With zero regulations, aftermarket brake suppliers have to police themselves and each other to assure their products are safe. No brake supplier in their right mind would sell brake linings they know are not capable of providing adequate stopping power under normal driving conditions. Even so, what is adequate is subject to interpretation, and some suppliers take a more liberal view of the bottom line requirements than others.
If you want to maintain like-new brake performance, you should be installing application-engineered or premium brake linings that have been tested and certified to meet standards similar to FMVSS 105, 135 and maybe 126.
In the Shop
You need to pay close attention to the brake work you are doing and the kind of replacement linings and other parts you are installing on your customers’ vehicles. The hydraulic brakes and friction linings on today’s vehicles are closely integrated with the anti-lock brake, traction control and/or stability control systems on the vehicle. Consequently, any change that significantly alters the hot and cold friction characteristics of the linings has the potential of upsetting not only braking performance, but also the operation of the ABS, traction control and stability control systems.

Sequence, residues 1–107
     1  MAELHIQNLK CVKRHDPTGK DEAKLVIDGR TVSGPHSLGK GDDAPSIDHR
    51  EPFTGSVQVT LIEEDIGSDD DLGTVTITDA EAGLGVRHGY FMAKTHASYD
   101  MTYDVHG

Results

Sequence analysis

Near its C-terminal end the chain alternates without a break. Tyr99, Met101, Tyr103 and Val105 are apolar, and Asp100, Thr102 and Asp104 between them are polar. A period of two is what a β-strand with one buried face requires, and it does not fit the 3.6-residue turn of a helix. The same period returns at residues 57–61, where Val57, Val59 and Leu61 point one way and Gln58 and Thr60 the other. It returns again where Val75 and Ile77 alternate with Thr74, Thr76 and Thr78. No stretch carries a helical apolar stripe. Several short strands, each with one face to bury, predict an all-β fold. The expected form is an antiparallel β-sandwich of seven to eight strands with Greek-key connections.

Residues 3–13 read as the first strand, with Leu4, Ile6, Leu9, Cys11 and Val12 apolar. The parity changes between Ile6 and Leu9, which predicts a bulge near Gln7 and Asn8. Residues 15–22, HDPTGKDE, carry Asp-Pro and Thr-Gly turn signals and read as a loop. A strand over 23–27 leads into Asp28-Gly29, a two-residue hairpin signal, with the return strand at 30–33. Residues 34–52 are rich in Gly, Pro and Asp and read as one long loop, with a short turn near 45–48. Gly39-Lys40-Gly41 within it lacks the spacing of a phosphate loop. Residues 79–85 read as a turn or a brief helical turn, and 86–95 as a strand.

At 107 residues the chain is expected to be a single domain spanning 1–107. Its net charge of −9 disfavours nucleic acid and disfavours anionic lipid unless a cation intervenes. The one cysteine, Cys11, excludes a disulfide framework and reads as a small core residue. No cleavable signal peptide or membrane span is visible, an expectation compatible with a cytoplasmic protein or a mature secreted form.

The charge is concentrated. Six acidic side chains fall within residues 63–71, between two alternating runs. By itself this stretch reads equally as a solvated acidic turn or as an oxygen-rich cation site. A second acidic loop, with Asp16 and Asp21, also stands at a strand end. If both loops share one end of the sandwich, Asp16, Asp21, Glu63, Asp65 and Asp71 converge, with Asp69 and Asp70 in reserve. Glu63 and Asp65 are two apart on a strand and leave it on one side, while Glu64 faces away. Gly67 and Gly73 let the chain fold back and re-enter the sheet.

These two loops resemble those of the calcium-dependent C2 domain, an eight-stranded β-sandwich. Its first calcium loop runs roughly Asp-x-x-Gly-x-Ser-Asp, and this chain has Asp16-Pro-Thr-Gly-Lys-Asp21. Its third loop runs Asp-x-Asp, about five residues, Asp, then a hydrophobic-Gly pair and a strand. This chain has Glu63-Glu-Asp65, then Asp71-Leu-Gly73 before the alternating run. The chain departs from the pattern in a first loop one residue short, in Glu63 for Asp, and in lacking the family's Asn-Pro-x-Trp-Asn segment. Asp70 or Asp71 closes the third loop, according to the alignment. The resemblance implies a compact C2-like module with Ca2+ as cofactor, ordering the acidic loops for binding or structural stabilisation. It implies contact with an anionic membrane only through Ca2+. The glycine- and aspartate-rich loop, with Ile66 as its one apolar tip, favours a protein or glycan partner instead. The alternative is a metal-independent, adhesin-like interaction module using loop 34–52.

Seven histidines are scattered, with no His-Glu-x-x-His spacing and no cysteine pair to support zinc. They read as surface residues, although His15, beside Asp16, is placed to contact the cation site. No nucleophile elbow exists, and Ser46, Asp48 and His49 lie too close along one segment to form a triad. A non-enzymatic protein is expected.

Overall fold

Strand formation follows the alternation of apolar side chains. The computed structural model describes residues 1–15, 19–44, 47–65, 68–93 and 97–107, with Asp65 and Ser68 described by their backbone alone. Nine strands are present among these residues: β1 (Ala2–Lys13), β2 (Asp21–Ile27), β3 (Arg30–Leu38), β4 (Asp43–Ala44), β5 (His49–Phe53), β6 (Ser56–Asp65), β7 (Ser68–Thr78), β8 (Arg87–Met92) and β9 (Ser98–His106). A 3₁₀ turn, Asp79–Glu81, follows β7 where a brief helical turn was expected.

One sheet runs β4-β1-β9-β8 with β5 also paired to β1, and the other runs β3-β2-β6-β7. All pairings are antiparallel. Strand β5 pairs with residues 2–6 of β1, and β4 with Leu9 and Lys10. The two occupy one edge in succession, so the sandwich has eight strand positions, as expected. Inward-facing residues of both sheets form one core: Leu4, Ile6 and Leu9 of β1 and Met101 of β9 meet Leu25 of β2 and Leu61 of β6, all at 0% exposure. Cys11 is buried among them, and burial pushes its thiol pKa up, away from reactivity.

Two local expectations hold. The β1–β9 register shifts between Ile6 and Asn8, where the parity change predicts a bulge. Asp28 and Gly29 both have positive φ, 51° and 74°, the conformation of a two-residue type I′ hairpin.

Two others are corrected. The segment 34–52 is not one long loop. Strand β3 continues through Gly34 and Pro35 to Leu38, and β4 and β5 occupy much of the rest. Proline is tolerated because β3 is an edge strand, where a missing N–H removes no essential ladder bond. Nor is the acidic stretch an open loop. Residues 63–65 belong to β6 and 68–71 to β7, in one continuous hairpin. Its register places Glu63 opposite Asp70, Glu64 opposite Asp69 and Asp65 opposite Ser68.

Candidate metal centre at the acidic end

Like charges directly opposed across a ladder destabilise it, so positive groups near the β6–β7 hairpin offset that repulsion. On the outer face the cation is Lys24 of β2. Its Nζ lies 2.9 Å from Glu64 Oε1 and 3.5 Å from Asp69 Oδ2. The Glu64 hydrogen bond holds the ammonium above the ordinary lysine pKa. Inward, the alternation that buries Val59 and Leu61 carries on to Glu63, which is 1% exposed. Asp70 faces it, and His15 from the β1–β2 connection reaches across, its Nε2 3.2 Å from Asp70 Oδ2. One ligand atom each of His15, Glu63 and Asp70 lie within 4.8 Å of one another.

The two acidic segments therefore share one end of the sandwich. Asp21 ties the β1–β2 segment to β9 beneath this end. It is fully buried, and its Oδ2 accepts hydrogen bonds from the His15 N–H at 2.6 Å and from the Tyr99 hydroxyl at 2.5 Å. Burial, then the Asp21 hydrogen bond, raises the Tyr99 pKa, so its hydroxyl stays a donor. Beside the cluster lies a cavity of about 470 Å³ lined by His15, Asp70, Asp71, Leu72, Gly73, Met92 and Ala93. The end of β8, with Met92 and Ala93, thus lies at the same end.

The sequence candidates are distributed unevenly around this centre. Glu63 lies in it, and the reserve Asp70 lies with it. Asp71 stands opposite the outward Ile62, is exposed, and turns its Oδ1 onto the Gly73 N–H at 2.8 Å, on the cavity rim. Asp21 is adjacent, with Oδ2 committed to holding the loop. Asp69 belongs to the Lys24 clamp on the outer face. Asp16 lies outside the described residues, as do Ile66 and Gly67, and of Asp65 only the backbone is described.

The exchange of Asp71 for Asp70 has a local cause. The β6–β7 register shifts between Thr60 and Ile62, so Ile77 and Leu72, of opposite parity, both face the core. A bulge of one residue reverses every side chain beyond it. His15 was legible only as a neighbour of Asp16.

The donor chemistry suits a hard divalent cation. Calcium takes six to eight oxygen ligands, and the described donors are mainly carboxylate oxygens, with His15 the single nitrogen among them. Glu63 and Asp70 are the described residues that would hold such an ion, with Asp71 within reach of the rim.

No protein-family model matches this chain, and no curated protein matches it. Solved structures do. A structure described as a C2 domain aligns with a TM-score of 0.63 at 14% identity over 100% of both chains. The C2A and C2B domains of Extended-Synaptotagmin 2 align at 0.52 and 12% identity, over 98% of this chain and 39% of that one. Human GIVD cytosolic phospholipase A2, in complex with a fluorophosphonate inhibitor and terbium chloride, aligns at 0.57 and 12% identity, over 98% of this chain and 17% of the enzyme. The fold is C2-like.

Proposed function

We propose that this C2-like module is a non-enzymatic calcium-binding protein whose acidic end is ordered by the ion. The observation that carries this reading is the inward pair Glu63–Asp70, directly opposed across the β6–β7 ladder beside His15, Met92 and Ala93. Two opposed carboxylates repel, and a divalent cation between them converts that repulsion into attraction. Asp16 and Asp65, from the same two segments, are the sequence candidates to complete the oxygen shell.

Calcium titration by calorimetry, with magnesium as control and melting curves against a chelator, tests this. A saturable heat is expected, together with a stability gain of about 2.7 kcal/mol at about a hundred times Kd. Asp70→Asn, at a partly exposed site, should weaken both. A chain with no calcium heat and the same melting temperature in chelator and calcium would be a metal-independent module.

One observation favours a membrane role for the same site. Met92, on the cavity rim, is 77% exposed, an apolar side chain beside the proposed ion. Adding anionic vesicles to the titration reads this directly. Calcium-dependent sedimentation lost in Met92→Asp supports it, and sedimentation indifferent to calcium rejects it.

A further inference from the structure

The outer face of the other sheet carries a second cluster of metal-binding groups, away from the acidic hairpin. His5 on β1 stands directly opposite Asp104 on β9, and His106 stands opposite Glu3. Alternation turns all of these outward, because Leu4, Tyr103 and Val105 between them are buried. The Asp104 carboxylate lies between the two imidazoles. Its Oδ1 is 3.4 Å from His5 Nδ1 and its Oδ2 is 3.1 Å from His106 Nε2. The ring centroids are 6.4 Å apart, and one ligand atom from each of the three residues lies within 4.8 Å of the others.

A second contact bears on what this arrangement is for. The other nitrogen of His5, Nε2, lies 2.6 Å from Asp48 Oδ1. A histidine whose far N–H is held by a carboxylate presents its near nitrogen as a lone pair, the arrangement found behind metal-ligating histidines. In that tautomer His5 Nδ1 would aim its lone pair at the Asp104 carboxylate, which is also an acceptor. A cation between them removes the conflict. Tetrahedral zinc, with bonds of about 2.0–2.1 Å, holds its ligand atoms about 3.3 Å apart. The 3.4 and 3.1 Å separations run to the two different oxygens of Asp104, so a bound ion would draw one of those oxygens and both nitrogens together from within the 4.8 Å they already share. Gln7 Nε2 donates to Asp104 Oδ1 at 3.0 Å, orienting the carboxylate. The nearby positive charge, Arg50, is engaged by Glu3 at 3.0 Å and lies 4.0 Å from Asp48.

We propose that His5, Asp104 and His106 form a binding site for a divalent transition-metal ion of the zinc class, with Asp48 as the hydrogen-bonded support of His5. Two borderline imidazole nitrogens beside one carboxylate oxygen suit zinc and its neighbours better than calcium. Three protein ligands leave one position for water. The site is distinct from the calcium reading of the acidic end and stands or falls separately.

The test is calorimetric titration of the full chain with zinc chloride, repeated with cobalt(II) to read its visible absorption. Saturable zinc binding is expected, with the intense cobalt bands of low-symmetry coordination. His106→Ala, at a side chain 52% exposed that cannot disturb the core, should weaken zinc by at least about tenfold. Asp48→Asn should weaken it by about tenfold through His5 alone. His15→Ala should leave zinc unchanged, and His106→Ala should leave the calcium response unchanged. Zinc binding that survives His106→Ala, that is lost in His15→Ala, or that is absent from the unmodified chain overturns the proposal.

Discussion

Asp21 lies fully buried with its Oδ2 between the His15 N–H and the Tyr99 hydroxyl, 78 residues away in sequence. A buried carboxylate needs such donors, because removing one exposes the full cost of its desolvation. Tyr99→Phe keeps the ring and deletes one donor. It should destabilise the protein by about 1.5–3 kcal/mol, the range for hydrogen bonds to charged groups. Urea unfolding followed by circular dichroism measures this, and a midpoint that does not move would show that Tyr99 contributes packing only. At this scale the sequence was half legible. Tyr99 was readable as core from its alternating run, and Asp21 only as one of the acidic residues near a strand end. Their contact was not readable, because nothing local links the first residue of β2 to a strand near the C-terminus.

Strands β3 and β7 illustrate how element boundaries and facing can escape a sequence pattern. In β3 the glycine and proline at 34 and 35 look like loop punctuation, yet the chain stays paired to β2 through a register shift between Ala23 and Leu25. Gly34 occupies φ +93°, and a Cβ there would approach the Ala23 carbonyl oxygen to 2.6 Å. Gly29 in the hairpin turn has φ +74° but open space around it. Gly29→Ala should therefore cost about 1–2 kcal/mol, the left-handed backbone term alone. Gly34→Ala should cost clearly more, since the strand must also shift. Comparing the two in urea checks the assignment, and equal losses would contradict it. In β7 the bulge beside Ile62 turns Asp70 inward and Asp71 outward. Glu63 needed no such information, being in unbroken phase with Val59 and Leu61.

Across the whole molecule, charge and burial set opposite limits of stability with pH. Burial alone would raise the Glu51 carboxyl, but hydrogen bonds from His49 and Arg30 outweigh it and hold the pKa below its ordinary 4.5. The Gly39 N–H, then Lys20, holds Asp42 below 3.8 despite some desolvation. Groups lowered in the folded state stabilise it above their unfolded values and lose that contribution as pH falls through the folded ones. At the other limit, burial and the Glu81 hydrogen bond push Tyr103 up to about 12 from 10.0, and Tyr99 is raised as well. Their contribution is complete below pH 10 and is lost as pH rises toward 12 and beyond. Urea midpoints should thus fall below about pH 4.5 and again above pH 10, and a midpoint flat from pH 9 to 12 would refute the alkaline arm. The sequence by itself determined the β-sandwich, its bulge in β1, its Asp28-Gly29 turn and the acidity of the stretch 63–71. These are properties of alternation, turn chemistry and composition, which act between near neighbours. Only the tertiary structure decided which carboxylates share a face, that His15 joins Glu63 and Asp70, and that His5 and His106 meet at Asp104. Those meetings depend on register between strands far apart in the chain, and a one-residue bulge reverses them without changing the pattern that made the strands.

Given the fact that aftermarket brake linings are essentially unregulated, how can you be sure the linings you are installing on your customers’ vehicles meet these criteria? The best advice here is to buy name-brand products from suppliers who stand behind their products.